Finance Minister Says That Riksbank Policy Is Resulting Krona Surge

Anders Borg, the Finance Minister of Sweden has stated that the monetary policy of Riksbank is playing an instrumental role in increasing the Krona, the major currency of this European country. Anders added that the current monetary policy is also prohibiting the exchange rate from helping to sustain an economic expansion in Norway, the largest Nordic economy.
The consumer debt levels are high in Sweden currently and the tight monetary policy in comparison with other countries supports the exchange rates on a whole. The economic development is currently facing a weak time and if Krona would have declined a bit in the recent times, the economy would have certainly been helped. Incidentally, the $500 billion economy of Sweden has already stalled some of the biggest companies in the country including TeliaSonera AB.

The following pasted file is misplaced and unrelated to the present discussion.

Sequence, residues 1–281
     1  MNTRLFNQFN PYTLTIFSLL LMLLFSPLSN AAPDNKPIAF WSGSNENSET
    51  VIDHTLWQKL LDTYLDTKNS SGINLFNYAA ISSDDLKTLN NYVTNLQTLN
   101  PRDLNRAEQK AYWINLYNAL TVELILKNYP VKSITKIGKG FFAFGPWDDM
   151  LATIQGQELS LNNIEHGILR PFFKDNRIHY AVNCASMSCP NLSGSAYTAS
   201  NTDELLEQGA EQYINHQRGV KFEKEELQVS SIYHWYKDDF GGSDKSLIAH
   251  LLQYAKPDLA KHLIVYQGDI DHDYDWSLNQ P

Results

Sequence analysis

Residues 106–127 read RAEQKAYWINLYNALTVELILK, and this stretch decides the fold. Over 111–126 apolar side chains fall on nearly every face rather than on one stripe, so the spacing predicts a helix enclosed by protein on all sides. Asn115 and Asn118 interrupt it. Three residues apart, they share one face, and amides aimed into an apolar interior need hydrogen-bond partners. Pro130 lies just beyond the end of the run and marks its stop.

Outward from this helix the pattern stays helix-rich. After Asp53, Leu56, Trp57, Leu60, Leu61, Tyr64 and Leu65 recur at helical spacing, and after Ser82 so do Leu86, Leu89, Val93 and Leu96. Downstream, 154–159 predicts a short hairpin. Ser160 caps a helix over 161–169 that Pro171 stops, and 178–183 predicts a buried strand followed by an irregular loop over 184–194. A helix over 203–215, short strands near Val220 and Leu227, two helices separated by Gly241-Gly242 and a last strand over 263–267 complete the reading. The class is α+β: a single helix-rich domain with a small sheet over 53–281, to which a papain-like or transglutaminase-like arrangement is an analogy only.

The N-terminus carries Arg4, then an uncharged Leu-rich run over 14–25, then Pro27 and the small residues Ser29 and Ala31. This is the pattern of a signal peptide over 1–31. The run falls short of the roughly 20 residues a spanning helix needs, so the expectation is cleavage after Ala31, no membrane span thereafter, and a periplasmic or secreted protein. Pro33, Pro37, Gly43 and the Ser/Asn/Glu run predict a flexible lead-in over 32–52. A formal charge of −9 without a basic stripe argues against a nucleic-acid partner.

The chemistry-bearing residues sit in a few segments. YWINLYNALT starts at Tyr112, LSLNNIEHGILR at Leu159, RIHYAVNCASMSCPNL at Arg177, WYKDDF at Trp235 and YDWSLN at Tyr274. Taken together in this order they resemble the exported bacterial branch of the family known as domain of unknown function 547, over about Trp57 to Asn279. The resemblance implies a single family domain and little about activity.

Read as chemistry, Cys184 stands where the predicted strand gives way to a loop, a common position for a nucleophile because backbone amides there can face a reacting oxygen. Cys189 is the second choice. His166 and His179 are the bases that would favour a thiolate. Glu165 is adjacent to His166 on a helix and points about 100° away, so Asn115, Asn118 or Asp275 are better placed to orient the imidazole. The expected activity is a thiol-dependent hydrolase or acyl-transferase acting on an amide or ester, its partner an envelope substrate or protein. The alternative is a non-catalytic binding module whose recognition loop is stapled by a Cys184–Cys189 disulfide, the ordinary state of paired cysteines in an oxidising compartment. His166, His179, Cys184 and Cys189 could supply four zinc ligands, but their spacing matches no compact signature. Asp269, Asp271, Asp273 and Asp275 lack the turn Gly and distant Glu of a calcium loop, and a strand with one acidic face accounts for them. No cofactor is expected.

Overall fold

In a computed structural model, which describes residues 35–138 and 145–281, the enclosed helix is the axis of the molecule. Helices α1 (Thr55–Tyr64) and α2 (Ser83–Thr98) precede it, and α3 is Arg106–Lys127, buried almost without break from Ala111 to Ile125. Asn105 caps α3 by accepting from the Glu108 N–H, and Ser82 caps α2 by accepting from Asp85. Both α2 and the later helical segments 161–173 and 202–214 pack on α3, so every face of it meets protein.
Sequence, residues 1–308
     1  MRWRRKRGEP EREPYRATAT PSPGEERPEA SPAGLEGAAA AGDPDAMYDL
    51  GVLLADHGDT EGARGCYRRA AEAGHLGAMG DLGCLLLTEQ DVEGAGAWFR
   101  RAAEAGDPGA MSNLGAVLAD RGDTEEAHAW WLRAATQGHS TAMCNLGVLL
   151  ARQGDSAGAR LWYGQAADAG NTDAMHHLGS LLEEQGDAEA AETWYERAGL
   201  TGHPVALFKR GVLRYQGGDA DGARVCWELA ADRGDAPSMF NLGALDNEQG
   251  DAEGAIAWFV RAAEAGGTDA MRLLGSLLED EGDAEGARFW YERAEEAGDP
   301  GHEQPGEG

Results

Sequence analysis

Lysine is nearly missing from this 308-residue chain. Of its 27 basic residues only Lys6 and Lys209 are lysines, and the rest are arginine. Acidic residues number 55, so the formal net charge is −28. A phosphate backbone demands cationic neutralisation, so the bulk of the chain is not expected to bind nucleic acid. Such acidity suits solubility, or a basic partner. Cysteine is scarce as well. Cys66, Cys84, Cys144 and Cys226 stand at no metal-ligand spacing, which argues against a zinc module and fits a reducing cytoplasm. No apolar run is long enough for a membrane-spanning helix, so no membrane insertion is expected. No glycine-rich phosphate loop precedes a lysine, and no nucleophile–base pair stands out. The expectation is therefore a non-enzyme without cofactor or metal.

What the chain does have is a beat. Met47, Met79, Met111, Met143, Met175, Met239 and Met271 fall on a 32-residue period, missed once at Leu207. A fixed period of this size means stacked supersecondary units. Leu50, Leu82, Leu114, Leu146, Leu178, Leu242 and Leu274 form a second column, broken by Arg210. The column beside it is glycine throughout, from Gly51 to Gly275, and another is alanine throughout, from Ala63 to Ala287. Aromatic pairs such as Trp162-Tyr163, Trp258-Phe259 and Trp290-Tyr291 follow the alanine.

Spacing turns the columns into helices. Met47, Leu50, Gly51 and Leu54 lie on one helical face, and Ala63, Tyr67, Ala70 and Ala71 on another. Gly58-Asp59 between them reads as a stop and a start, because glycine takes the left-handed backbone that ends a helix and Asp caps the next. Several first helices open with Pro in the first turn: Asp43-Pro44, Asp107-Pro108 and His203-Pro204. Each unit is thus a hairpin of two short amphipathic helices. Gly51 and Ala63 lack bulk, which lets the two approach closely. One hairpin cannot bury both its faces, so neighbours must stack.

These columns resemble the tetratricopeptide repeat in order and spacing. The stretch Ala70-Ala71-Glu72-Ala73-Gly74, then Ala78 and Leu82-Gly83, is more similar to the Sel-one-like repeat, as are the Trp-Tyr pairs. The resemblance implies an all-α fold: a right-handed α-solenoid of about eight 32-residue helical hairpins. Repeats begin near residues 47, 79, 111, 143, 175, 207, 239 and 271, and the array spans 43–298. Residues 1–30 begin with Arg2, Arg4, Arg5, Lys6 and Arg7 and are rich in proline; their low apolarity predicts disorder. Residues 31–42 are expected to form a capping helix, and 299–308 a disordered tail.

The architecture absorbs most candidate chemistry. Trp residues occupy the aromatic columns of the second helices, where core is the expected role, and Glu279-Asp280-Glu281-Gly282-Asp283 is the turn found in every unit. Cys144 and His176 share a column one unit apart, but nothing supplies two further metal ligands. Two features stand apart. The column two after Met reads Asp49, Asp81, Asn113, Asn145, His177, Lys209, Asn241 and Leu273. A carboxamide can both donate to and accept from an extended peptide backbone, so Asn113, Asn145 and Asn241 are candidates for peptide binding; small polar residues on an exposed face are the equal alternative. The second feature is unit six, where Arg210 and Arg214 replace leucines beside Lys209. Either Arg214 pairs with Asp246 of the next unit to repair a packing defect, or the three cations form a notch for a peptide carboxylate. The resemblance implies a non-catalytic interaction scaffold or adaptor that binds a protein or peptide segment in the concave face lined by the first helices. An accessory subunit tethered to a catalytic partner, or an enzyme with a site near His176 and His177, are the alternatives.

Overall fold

Because of the debt crisis of Euro region in 2012, Sweden became a safe haven for the investors and it actually gone to a level highest within last 12 years against most of the other currencies in August, 2012. In the last 12 months, Krona has jumped up by 0.75% against Euro, whereas, the increase against USD has been 3.7%.

Incidentally, on last month, the Central Bank of Sweden cut down its repurchasing rate for the 4th time within a single year and it is currently at 1%. With that move, Central Bank of Sweden hinted that it was the end of their monetary easing policy. Incidentally, the rate for European Central Bank is at 0.75%, whereas, for Federal Reserve, the same is hovering towards 0.

Lars E. O. Svensson, the Deputy Governor of Swedish Central Bank stated that the benefits of monetary easing will be experienced in this year as Krona should go down soon. He added that a weakening Krona and a lower rate will help the economy manage in a better fashion.

The economic outlook for Sweden in 2013 was cut down to 1.1% by Borg, whereas, the initial estimate was of 2.7% for this year. According to Borg, the Swedish Government has a lot of room this year for expanding the fiscal policy. He added that in 2013, Sweden will be experiencing a deficit of 1.3% in its Gross Domestic Product, more than double of the initial estimates. The Swedish Government will be spending 0.7% of its GDP for certain initiatives in 2013.